Is. 49:26 is another end times prophecy and reads, “and I will feed them that oppress thee with their own flesh; and they shall be drunken with their own blood, as with sweet wine: and all flesh shall know that I the Lord am thy Saviour and thy Redeemer, the mighty One of Jacob“. Surely if the term “Jacob” referred to Israel in a lo-ammi state the Lord will not be known by that term in the millennium, when it is clear that Israel will be God’s people, not lo-ammi. Furthermore, Israel’s lo-ammi state was certainly not the epitome of God’s might, so the title “Mighty One of Jacob” would be inappropriate to the extreme.

We read in Ezek. 28:25, “Thus saith the Lord God; When I shall have gathered the house of Israel from the people among whom they are scattered, and shall be sanctified in them in the sight of the heathen, then shall they dwell in their land that I have given to My servant Jacob. And they shall dwell safely therein, and shall build houses…….they shall know that I am the Lord their God“.

We read quite specifically in this verse that the Lord is Jacob’s God, i.e. ” they shall know that I am the Lord their (“Jacob’s”) God“. God is not Jacob’s God while She is lo-ammi. “Jacob” can not be the term used of Israel in Her lo-ammi state if it said, as it is in this verse, that the Lord is “their God”. Therefore, we must conclude that to say that the term “Jacob” is used of Israel in Her lo-ammi state is incorrect.

We read in Ps. 135:4, “For the Lord hath chosen Jacob unto Himself, and Israel for His peculiar treasure”. The Lord did not choose a lo-ammi nation unto Himself. We must conclude therefore, that the term “Jacob” does not refer to that nation in a lo-ammi state.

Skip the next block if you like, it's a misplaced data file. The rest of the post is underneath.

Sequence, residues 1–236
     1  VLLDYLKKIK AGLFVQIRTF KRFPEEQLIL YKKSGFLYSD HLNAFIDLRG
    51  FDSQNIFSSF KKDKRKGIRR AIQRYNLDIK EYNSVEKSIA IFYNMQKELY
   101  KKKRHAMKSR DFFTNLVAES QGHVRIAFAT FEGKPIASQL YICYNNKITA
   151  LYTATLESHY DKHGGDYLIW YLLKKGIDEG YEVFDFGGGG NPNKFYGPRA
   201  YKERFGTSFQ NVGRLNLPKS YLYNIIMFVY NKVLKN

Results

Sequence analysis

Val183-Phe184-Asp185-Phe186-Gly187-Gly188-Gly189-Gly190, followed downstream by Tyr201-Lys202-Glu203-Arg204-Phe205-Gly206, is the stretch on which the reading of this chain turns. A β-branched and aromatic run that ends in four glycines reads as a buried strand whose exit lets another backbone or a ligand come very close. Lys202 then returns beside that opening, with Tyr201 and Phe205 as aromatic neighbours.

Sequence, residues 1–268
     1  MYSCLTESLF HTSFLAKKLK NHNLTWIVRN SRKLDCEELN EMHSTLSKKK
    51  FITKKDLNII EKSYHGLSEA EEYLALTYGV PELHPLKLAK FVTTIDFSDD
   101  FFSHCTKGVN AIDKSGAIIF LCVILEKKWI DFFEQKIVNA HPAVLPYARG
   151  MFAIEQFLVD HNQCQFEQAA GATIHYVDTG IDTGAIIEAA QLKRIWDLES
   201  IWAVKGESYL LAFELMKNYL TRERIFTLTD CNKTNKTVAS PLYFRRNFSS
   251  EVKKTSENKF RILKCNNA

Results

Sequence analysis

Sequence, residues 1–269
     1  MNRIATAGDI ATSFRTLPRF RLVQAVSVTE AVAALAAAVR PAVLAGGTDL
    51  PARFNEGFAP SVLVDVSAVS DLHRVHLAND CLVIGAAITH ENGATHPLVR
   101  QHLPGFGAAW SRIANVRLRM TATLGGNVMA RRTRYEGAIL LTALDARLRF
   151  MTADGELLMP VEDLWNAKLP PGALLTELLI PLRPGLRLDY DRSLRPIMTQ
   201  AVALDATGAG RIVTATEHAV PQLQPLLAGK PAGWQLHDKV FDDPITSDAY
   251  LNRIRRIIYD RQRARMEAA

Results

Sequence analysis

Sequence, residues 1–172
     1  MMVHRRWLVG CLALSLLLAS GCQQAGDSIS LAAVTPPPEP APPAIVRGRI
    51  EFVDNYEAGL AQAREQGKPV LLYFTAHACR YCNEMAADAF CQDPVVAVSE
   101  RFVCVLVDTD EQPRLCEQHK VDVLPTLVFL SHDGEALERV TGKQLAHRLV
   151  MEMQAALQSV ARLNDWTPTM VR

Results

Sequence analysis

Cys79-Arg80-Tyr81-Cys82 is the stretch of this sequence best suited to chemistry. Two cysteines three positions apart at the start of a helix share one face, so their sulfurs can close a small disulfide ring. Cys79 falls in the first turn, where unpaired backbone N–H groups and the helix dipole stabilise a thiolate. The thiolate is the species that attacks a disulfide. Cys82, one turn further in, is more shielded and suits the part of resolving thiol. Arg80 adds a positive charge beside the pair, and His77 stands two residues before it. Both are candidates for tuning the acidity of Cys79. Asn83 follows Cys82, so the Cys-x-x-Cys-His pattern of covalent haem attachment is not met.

We read in Mal. 3:6-7, “For I am the Lord, I change not; therefore ye sons of Jacob are not consumed. Even from the days of your fathers ye are gone away from Mine ordinances, and have not kept them. ‘Return unto Me, and I will return unto you,’ saith the Lord of hosts”.

Those that believe that Israel had not been taken back after the 70 year captivity believe that the phrase “return Unto Me and I will return unto you” tells us that Israel was lo-ammi at the time that Malachai wrote this prophecy, which was, of course, after the end of the 70 year captivity. But in order to correctly understand that phrase we must search the Scriptures. As the reader will see from the scriptures quoted below, the Lord often called on Israel to return to Him when they were not lo-ammi. Also, David called on the Lord to return to him and David was never lo-ammi.

We read in Ps. 6:1-4 a prayer of David, “O Lord, rebuke me not in Thine anger, Neither chasten me in Thy hot displeasure, Have mercy upon me, O Lord; for I am weak: O Lord hear me; for my bones are vexed. My soul is also sore vexed: But Thou O Lord, how long? Return, O Lord, deliver my soul: Oh save me for Thy mercies sake”. Evidently David was ill in body and in spirit and prayed that the Lord would “return” to him. David was not lo-ammi, but he evidently had  displeased the Lord. It is clear in this passage that David’s prayer that the Lord “return” unto him was in the sense of reestablishing the relationship David had once enjoyed with His God.

Ps. 80 is a Psalm asking God to protect His nation. We read in verse 12, “Why hast Thou then broken down her (Israel’s, see verse 8) hedges? So that all they which pass by the way do pluck her?” Then in verse 14 we reads, “Return, we beseech Thee O God of hosts: Look down from heaven, and behold, and visit this vine”. Israel was never lo-ammi in the time of David and yet David prayed that God would “return” unto them. In short, in this passage, the prayer that God would return unto Israel does not mean that Israel was lo-ammi at the time of the prayer.

Psalm 90 is yet another Psalm that is a prayer for God’s forgiveness of Israel’s sins. We read in verses 7-8, “For we are consumed by Thine anger, and by Thy wrath are we troubled. Thou has set our iniquities before Thee, our secret sins in the light of Thy countenance”. Then we read in verses 13-14, “Return, O Lord, how long? And let it repent Thee concerning Thy servants. O satisfy us early with Thy mercy; That we may rejoice and be glad all our days”. Again, Israel was never lo-ammi in the period in which the Psalms were written. This is not a prayer to restore Israel from a lo-ammi state. This is a prayer to restore Israel to it’s relationship with the Lord that was spoiled because of Israel’s sin.